The Ministry of Labor has put on the social dialogue table this Wednesday a new document of proposals in the negotiation of the new labor legislation. The battle against temporality, one of the aspects that most worries both in Spain and in the EU, is one of the priorities for the Government. As has advanced, Trabajo proposes that temporary contracts be limited to 15% “of the annual workforce of each company.” The Ministry advocates, in addition, to recover the prevalence of the sectoral agreement over that of the company in wages among the elements to dismantle the Rajoy labor legislation and other measures to “Europeanize” the labor market and avoid mass dismissals in the face of crisis or uncertainties in companies, through a permanent ERTE mechanism (the MSE), among other measures.

Yolanda Díaz is aware that she will have to struggle in the negotiation with the unions and the employers after adding several victories from which the Government takes its chest by reaching more than a dozen agreements so far in the legislature, including six extensions of the ERTEs due to the pandemic. Convincing entrepreneurs on this occasion is going to be very complex. The unions consider it almost impossible in what involves the dismantling of the 2012 reform, although they consider that there are some options for a partial agreement on matters that are of great interest to employers, such as the permanent ERTE (MSE) mechanism, which could have aid for companies as has happened with ERTE during the pandemic.

The employers have already marked distances with the coalition Executive in the rise of the Interprofessional Minimum Wage (SMI) that the Council of Ministers approved at the end of September – after an important internal tug of war – and that Sánchez announced as soon as he returned from vacation. There began the new stage: once herd immunity was achieved, the country had to move towards economic growth and this should reach everyone, according to the slogans monclovitas.

But if the Government was stressed before the failure of the employer’s association for this agreement, it will be even more difficult to negotiate the labor reform that the PP designed to suit the businessmen. In an event on employment at the end of September, Sánchez opted to direct the labor market towards digital transformation and ecological transition, which he placed as the axes of the “new economy.” “This will require governments, unions and employers to have an intense and constructive dialogue on what active employment policies should be, renew our labor framework and promote public-private collaboration,” he warned.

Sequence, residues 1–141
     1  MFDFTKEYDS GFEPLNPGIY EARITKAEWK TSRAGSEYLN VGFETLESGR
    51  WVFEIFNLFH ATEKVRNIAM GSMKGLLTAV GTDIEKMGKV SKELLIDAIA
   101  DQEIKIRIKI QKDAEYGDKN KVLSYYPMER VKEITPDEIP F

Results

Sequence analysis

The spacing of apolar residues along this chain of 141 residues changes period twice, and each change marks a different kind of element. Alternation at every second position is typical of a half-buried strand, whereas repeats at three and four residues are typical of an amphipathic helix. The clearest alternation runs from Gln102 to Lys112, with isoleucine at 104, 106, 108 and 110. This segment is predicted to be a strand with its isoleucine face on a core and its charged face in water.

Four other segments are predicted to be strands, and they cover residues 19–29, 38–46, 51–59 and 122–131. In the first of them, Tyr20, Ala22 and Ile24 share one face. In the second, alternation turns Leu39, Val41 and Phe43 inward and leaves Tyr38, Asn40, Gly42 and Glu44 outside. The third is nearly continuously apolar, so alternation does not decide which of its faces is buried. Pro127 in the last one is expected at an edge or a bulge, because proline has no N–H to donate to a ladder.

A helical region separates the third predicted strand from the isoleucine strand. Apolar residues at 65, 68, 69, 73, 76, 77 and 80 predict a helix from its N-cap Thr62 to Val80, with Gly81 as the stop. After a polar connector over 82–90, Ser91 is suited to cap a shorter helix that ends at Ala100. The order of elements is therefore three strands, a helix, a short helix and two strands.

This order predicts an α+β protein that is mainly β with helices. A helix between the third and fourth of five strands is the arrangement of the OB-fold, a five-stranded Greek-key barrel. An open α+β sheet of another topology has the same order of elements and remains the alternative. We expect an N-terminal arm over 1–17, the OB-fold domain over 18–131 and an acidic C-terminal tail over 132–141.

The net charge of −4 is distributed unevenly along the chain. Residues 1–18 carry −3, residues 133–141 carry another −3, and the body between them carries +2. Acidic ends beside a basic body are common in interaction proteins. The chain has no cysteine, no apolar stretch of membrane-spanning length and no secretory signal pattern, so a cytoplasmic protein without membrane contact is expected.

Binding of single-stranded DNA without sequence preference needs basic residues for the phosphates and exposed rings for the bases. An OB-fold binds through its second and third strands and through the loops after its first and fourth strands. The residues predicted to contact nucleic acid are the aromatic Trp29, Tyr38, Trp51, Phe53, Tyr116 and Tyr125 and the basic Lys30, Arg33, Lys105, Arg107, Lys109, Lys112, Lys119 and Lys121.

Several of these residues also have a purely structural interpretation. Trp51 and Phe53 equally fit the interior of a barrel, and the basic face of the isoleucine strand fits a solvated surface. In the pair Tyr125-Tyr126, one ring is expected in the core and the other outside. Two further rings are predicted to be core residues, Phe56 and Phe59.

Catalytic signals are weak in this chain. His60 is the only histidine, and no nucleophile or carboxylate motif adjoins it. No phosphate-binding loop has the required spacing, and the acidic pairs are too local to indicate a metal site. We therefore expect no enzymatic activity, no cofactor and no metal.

A litmus test for the coalition

In any case, the PSOE has also assumed that the labor counter-reform is a priority that cannot wait any longer and a commitment that, if it does not go ahead, would place it in a complicated situation with its left-wing allies outside the Government who have not yet said yes to their public accounts. Beyond having sealed it in the investiture agreements, the Socialists reaffirmed the promise in subsequent budget negotiations and even to get the five votes of EH Bildu in one of the extensions of the state of alarm. However, he will also have to balance with the PNV, a preferred partner for Sánchez, who has always asked for caution in matters that affect the employer.

Despite the fact that Yolanda Díaz has aligned her message on the labor reform with that of Sánchez, the second vice president is clear that ending the regulations that she imposed on the PP is an insurmountable line for her mandate. “I tell you loud and clear that we are in the Government for that,” he said at a rally on the 100th anniversary of the Communist Party in which he hinted at his intention to do so even without businessmen. “It is necessary to repeal the labor reform. I am clear: we are going to do it. Right, Unai? Right, Pepe?” He rhetorically asked the leaders of the majority unions. the country, the Government will be wrong and Spain will be wrong. ”

This negotiation will be the true litmus test for the coalition government, which with its second budgets is assured of reaching the end of the legislature, despite the fact that the Minister of Finance has been convinced that the accounts that have arrived this Wednesday Congress will not be the last.